Each city was given a rooster, and said that a rider from each town would depart at daybreak at each city’s rooster’s first crow. Then, wherever the riders met would be the division of the lands.
Leading up to the race, Florence starved their black rooster, only feeding it minimally at the first hint of sunlight. Siena’s white rooster instead was spoiled with food, the idea being a full rooster would crow earlier.
On the day of the race, Florence’s rider was woken at the first hint of light and set off, covering much ground, before the fat, well-fed rooster of Siena even bothered to wake. By the time Siena’s lazy rooster crowed, Florence had taken over most of the Chianti hills!
Chianti Rufina is Worth Exploring
If you’re looking to branch out from Chianti Classico, another respected subzone is Chianti Rufina. This small area to the northeast of Florence produces some of the most highly sought-after Chianti wines.
There are also some beautiful castles to visit, so it’s a great place to get off the beaten path of the usual Chianti excursion. If you want to make a day trip for wine tasting in Chianti, contact us, and we’ll help plan!
What about Riserva or Superiore?
To clarify, the use of “Riserva” or “Superiore” in labels tells you about how the wines are aged and not how “good” the wine is.
If you see a bottle with Riserva printed on the label, you already know it’s been aged longer than the average Chianti. Here are the most common aging requirements:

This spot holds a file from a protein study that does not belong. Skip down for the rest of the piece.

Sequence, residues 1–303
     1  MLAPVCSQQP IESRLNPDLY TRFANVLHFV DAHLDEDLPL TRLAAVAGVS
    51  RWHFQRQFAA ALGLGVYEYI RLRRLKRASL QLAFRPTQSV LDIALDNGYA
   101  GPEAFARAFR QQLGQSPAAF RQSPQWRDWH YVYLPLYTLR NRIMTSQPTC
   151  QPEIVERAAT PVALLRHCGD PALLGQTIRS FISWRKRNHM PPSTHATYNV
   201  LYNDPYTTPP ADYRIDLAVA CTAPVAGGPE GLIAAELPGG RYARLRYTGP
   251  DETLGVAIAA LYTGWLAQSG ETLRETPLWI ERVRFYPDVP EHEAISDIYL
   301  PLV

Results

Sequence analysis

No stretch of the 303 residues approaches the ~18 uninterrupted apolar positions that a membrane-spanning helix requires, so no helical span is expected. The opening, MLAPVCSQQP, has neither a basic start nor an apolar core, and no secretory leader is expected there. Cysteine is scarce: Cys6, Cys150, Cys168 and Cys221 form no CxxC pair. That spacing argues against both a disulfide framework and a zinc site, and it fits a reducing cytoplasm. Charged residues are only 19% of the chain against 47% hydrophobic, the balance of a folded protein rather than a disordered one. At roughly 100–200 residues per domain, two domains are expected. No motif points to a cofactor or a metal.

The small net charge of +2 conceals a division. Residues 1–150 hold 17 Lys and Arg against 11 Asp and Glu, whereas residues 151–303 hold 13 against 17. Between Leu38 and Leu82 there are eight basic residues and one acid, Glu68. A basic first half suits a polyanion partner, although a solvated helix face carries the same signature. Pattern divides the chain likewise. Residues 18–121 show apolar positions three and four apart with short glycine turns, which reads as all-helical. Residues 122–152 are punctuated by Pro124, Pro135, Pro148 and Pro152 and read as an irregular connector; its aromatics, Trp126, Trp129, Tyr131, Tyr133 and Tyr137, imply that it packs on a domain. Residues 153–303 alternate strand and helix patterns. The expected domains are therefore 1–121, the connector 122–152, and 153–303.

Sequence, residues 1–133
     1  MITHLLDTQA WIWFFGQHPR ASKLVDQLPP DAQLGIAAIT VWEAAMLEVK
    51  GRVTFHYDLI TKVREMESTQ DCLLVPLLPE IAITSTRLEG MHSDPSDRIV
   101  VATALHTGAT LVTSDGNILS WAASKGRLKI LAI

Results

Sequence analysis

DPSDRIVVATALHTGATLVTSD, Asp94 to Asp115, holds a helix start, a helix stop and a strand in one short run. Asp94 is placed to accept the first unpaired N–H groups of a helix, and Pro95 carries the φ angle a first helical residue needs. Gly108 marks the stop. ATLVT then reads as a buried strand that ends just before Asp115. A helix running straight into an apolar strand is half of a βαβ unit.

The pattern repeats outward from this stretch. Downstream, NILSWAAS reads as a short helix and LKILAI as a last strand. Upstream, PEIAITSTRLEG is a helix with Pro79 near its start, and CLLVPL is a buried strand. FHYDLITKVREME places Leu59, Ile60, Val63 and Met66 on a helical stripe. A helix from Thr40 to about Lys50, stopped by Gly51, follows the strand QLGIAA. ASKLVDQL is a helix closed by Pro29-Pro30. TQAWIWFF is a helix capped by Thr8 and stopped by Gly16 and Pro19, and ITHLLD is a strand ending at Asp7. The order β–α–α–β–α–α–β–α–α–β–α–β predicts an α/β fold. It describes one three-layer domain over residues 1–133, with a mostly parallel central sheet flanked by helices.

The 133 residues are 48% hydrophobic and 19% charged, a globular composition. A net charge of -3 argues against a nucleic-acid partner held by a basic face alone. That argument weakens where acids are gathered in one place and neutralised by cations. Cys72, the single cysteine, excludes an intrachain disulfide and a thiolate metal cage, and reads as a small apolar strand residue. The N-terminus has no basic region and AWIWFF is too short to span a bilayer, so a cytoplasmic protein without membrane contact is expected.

- Chianti: At least 6 months
- Classico: At least 1 year
- Superiore: At least 1 year
- Riserva: At least 24 months
- Gran Selezione: At least 2.5 years
What Does Chianti Wine Taste Like?
Describing this wine is no easy feat, as it varies from year to year and blend to blend. But, since Chianti must be made of at least 70% Sangiovese, and Sangiovese has specific characteristics, we can make some general assumptions.
Get To Know Sangiovese
Sangiovese is Italy’s most planted grape and is known for producing wines with medium alcohol, medium-high acidity, medium tannin, light to medium body, and a ruby color. But the way the grape tastes depends on where it’s grown.
It Has Red Fruit Flavors
A Chianti is a dry, tart, red wine heavy on red fruit flavors (think: strawberry and raspberry), herbs, smoke, and tobacco.
And Medium Acidity
Chianti is also often described as acidic, which makes it a great match for acidic meals like pasta al pomodoro. It also goes beautifully with the Tuscan standard, “bistecca,” because the fat makes the tannins less pronounced.
Bonus Tip: Why is Chianti Wrapped In Straw?
That straw-wrapped bottle you’ve seen at your local red sauce joint is a basic bottle of Chianti wine. As iconic as they are, these “fiaschi” were invented by accident.
These bottles get their name from the expression “fare fiasco” or to make a mistake in Italian. They were created after a production error resulted in some bottle bottoms not flattening when cooling. Instead of being thrown out, these mistakes were covered in raffia that gave them a wider base, allowing them to stand up.
Once producers realized there was the bonus of the straw protecting their precious wine in transport, the iconic bottle was born.
Sip Chianti At Home
Chianti is a wine that some people say you must grow to appreciate unless you’re born in Italy. It may not be a wine that is immediately easy to drink, but it’s worth trying and tasting again and again.
If you want to bring a bit of Tuscany into your home, pair your next Italian meal with a glass. A few classic producers are Antinori, Badia A Coltibuono, Fontodi, Frescobaldi, and Quereciabella. And, per the great Eric Asimov, we recommend you serve it slightly chilled. Cin Cin!